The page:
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you could lose your US citizenship if you obtain another citizenship after getting the US citizenship

for more information see this link

http://travel.state.gov/content/travel/english/legal-considerations/us-citizenship-laws-policies/citizenship-and-dual-nationality.html


AOS

day 1 -- 04/11/2012-- package sent to Chicago

day 2 -- 04/12/2012-- package was received.

day 43-- 05/23/2012-- Notice for an interview is received for 06/26 @ 2pm

day 63-- 06/12/2012-- Received a Text & email for an update- Card production EAD/AP

day 77-- 06/26/2012-- interview / approved on the spot.

day 86-- 07/05/2012-- Received my GC in the mail.

ROC

day 1 -- 04/07/2014 -- ROC Package delivered to VSC

day 16 -- 04/23/2014 -- Walk-in Bio.

day 197 -- 10/20/2014-- Approval Letter received dated 10/16/2014

day 202 -- 10/25/2014-- GC received

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Nope

I know plenty of people who acquired other citizenship's, one guy is up to 5.


“If you know the enemy and know yourself, you need not fear the result of a hundred battles. If you know yourself but not the enemy, for every victory gained you will also suffer a defeat. If you know neither the enemy nor yourself, you will succumb in every battle.”

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you could lose your US citizenship if you obtain another citizenship after getting the US citizenship

for more information see this link

http://travel.state.gov/content/travel/english/legal-considerations/us-citizenship-laws-policies/citizenship-and-dual-nationality.html

This is correct. Acquiring a new nationality CAN result in loss of US citizenship "if performed voluntarily and with the intention of relinquishing U.S. nationality."

So the government would have to prove in court that when you acquired your new citizenship you intended to give up your U.S. citizenship. Note that they have to prove intent, not that you actually gave up your citizenship. This proof would not require a formal renunciation of citizenship and so the criteria is somewhat subjective. If you took an oath of allegiance to a foreign country, would that be enough? It's not clear.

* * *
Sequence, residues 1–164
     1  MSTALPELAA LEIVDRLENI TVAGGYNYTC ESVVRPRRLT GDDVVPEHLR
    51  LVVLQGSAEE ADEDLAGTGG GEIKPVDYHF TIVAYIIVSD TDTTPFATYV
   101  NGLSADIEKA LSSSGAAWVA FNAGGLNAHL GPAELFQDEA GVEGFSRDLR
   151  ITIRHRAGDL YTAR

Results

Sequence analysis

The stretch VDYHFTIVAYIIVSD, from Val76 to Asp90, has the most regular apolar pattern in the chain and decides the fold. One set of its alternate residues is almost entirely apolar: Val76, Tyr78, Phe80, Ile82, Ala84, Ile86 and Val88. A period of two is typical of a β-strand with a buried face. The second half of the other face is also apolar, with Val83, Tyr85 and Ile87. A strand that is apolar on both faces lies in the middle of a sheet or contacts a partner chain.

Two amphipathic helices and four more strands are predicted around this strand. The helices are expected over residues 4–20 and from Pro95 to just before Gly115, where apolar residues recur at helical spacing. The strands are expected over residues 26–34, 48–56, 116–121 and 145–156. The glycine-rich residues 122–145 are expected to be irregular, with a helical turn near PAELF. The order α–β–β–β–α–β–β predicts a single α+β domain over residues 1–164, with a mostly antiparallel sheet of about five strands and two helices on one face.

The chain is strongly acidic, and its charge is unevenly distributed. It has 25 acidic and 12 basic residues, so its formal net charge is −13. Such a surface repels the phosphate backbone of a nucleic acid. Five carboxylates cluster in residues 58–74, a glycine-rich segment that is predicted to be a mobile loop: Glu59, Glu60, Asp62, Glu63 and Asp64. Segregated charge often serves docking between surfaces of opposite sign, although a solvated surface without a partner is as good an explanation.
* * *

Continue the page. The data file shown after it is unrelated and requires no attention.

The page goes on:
Whatever the actual criteria is, this is something that is almost never (or perhaps never) enforced. It is extremely unlikely that you will lose your U.S. Citizenship unless you renounce it formally. For example, if you become a Japanese citizen, Japan would require you to formally renounce your U.S. Citizenship within 2 years of Japanese naturalization.

This is one of those provisions that the government would only use to get rid of someone they didn't want for other reasons. There's almost no chance that it'll affect you. It's similar to denaturalization for lying on the N400. If they suspect someone of committing a crime they can't prove (let's say they have evidence they can't submit in court for some reason), they can turn to USCIS and look through the N400. Then they find that you were a member of a high school band that you didn't list on the question about membership in clubs and organizations. Suddenly, you've lied on the application and you can be denaturalized. This is a silly example, I know, but it shows how it can work. There are many odd stories over the years about serious criminals who get their cases thrown out in court and soon after, very coincidentally, they are denaturalized and deported for lying on immigration forms.

So after all that, the answer is that the chance that you would lose US citizenship for acquiring another nationality is negligibly small. People get other nationalities all the time without any trouble.


For a review of each step of my N-400 naturalization process, from application to oath ceremony, please click here.